If I wanted to be really pedantic, the question would be unanswerable, as it depends on the particular implementation.
In most cases, however, the individual nodes of the tree are stored in one sequential chunk of memory that's allocated by whatever method your system/language provides (most common being
new), each containing the key and the two pointers to child nodes, either of which can be a special value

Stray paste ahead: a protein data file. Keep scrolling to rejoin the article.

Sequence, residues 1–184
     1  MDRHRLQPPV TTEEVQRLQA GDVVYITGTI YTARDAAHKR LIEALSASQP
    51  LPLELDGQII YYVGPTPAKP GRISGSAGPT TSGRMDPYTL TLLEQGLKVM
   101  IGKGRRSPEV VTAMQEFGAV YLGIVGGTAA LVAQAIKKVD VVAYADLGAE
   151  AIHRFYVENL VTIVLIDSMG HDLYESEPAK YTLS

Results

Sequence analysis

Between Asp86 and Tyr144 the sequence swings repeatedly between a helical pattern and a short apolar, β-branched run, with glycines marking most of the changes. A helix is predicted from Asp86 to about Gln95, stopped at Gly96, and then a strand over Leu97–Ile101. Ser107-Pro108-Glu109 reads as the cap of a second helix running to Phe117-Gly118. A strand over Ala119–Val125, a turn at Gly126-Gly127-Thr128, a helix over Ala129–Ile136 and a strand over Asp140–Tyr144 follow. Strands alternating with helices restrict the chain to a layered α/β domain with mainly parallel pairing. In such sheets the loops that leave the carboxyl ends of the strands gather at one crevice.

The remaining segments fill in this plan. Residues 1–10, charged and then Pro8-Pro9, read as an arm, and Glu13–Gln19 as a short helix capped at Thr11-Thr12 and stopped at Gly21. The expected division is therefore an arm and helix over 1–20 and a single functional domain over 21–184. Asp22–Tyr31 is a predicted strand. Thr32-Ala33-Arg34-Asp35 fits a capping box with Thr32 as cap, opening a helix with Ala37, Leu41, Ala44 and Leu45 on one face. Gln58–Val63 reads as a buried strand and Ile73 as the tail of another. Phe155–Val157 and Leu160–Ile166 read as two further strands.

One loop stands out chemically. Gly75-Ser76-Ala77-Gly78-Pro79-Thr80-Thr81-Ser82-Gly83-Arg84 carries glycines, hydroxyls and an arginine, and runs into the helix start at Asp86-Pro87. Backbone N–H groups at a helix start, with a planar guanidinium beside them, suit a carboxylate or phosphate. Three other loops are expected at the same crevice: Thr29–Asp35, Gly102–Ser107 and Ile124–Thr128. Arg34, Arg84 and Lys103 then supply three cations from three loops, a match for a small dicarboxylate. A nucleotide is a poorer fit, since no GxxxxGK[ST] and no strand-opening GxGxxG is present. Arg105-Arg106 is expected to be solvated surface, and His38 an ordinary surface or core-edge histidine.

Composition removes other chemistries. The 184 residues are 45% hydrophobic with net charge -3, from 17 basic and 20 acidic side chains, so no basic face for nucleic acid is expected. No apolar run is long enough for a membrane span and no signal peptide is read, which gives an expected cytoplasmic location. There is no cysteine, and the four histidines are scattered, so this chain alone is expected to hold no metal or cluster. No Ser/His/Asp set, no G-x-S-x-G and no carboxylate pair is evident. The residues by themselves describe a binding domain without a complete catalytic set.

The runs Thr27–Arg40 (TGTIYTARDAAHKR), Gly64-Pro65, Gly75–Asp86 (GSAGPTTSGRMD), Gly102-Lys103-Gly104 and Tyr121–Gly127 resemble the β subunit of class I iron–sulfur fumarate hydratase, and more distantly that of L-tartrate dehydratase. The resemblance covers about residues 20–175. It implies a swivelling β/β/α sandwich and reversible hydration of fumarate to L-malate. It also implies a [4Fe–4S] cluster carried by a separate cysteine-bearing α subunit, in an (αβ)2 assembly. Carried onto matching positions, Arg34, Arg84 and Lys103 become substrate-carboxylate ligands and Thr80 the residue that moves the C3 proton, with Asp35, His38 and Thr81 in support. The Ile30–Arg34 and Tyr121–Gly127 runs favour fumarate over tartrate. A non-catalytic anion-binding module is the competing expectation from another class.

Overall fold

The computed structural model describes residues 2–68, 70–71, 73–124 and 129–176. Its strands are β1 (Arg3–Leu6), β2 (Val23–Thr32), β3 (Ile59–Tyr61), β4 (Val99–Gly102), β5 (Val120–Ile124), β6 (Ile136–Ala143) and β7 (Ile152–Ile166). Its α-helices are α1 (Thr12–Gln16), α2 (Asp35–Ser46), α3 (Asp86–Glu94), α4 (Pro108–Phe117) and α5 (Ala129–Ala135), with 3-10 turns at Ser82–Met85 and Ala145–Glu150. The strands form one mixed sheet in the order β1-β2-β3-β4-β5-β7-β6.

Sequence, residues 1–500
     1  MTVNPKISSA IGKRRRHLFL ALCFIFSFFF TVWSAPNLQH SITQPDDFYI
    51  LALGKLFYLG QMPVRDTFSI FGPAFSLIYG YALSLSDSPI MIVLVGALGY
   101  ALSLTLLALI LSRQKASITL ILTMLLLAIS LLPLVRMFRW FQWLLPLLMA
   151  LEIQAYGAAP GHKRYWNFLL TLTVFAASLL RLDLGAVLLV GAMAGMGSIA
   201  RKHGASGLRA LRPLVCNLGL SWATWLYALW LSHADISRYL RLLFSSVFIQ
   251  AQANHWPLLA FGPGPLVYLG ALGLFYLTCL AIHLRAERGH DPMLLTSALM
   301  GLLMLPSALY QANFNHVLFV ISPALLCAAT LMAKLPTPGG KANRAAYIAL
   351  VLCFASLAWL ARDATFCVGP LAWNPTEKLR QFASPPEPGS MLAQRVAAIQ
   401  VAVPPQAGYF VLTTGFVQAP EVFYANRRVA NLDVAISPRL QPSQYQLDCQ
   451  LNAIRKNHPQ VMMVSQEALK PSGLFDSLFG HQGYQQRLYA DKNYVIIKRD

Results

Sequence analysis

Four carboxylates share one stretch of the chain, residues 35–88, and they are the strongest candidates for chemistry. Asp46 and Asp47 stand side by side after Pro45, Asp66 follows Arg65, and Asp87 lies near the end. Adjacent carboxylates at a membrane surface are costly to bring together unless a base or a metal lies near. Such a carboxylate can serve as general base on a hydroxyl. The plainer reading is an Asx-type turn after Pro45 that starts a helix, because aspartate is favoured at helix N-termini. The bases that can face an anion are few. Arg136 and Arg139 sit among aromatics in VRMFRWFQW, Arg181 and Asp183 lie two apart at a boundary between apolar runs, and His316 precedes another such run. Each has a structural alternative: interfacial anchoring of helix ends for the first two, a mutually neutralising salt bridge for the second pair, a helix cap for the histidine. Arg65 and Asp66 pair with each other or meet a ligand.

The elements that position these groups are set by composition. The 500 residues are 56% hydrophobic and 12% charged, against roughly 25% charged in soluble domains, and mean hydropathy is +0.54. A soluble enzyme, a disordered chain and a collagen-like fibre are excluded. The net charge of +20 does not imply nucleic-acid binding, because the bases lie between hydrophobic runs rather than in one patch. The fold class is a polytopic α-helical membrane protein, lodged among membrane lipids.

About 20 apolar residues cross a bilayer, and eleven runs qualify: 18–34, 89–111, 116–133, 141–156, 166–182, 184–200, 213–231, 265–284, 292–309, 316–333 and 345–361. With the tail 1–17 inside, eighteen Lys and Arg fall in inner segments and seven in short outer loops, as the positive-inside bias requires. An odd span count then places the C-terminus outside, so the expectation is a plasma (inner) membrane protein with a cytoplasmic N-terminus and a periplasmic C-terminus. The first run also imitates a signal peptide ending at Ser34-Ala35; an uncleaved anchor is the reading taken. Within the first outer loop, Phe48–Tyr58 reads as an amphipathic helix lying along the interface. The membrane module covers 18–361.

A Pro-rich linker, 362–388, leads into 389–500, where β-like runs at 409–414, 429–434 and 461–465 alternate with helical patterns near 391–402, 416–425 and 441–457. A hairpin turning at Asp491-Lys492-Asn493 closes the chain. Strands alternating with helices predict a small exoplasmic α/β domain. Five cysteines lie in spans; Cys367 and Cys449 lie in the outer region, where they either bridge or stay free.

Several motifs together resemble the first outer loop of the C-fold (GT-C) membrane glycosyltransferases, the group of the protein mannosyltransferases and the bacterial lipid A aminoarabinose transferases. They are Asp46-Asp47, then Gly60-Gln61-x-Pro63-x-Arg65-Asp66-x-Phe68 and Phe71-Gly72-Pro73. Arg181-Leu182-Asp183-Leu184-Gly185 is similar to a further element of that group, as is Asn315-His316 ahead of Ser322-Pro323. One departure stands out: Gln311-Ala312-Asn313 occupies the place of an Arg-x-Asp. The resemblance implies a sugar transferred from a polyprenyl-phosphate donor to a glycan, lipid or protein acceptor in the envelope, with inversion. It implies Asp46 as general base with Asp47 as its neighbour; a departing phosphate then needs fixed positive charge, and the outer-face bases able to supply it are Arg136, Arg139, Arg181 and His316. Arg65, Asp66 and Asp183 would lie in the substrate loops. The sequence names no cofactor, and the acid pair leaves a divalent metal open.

NULL, if a child is not present.
The individual nodes are usually scattered around the memory, with no clear relation between how/where they are located. We leave this for the memory allocator of the environment to handle. When we allocate a new node, we place its address (a pointer to it) in an existing node (or, as a special case, in the root pointer), so we can navigate to it.
Think of this as a linked list, where each item can have not only one, but two successors.